Back in the '70s I was intrigued with graphology, the study of and analysis of handwriting, and still have several books on the subject. It is a controversial method of personality evaluation. Results of most recent surveys on the ability for graphology to assess personality and job performance have been negative. I still, however, find the uniqueness of individual handwriting fascinating. It's a very personal extension of one's self, and I think it reveals quite a lot.
Remember the old Zaner Bloser style of cursive we learned in grade school? I always earned high marks in penmanship because of my artistic ability to copy the letters. I actually would have had a great career as a forger. Have you noticed most young people today don't even use cursive writing? They print. I suppose this is because the keyboard is now used more than the old pen and paper method. Even my own handwriting is a curious mix of printing and cursive.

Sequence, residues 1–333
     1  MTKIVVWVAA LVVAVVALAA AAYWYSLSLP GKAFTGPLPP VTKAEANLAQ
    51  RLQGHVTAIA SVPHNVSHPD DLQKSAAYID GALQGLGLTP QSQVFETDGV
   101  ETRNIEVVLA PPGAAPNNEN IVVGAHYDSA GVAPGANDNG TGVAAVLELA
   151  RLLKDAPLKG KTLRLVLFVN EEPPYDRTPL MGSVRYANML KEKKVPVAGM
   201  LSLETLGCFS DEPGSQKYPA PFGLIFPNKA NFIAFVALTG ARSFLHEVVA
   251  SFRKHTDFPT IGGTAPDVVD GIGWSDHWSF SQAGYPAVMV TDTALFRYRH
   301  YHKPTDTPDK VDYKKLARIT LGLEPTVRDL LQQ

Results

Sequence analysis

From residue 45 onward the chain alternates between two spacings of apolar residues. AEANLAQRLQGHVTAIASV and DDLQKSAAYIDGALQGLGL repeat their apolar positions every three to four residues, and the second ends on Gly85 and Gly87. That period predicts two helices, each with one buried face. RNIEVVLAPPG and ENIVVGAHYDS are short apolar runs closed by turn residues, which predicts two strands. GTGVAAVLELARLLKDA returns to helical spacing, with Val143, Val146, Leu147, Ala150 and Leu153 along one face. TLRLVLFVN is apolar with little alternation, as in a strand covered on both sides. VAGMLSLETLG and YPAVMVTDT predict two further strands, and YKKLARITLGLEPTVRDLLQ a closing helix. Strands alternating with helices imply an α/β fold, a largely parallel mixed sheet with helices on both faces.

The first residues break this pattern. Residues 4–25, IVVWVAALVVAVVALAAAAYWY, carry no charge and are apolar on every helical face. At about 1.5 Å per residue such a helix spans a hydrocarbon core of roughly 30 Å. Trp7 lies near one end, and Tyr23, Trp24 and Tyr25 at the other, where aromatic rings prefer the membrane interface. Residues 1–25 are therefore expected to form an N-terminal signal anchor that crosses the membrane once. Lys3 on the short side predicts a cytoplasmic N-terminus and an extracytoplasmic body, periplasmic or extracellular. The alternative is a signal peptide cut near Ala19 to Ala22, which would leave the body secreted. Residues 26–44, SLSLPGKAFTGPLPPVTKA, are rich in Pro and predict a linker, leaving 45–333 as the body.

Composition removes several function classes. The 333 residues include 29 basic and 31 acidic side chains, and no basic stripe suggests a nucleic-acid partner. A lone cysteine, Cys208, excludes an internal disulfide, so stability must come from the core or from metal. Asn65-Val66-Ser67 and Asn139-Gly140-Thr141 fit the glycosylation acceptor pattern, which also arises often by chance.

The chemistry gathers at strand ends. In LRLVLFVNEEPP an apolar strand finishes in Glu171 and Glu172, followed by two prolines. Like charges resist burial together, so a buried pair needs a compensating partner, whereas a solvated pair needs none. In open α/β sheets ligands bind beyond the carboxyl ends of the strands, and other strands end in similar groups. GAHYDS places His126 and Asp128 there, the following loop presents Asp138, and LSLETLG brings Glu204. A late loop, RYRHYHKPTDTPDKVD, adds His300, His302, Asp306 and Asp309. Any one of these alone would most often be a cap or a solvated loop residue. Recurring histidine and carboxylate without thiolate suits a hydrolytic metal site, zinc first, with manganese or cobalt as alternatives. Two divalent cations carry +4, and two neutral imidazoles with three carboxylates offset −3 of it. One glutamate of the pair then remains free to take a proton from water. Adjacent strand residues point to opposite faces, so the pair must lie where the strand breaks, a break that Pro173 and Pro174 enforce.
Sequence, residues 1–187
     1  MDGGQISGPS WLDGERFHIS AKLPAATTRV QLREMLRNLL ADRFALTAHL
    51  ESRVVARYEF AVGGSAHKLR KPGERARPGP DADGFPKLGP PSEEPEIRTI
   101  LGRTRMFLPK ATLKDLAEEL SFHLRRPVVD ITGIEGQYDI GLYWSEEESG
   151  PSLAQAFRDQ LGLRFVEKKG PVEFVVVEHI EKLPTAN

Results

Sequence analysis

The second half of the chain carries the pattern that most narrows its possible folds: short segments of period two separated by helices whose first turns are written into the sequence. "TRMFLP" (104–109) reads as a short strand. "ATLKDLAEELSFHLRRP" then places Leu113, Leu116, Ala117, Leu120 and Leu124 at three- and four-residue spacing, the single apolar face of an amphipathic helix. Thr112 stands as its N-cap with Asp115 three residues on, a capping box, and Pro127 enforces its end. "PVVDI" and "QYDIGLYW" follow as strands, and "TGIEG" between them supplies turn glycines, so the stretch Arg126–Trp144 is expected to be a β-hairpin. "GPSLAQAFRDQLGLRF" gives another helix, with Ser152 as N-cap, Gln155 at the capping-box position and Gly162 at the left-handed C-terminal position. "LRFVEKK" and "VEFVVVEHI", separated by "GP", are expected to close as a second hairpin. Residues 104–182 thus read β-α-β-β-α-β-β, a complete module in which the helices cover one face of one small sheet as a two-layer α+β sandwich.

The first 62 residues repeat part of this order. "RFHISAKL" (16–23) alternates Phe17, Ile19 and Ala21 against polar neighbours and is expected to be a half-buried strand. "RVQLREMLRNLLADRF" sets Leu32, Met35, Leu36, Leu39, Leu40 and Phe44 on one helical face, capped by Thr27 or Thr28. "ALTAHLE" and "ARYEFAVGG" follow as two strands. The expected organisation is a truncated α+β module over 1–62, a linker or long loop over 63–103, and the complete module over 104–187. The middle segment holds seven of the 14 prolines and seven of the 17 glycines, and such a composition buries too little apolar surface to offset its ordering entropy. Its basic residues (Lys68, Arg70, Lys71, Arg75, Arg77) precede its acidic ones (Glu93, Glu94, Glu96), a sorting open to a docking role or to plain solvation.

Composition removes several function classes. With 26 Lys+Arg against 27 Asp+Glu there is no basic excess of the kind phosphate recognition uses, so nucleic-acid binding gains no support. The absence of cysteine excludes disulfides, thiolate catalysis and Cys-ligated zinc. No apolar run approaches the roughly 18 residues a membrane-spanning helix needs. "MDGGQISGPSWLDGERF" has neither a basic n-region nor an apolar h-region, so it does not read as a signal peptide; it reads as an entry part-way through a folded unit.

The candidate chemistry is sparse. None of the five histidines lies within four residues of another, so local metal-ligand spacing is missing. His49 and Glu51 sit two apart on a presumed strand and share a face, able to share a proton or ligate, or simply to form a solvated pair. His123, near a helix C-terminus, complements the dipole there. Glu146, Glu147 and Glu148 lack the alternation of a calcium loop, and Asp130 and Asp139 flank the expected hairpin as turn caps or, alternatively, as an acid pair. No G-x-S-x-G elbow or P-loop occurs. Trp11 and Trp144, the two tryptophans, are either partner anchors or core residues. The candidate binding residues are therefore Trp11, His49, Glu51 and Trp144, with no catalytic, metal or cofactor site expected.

The romantic side of me cringes at the notion of handwriting, as we know it, becoming totally obsolete. I adore the process, as well as the personal touch, of old fashioned letter writing with ink, pen and paper. It truly is an art form, which I hope we can preserve. I am first to
admit, the internet has certainly played a part in the decline of my own hand written correspondence.
This document above is William Shakespeare's last will and testament, written in his own handwriting. It's in a cursive style called "secretary hand", which was commonly used in the sixteenth and seventeenth centuries. It's interesting to note our handwriting today hasn't changed all that much in the last five hundred years. And I hope it continues for at least another five hundred.
top photo: quote from Janet Frame's novel, Towards Another Summer, in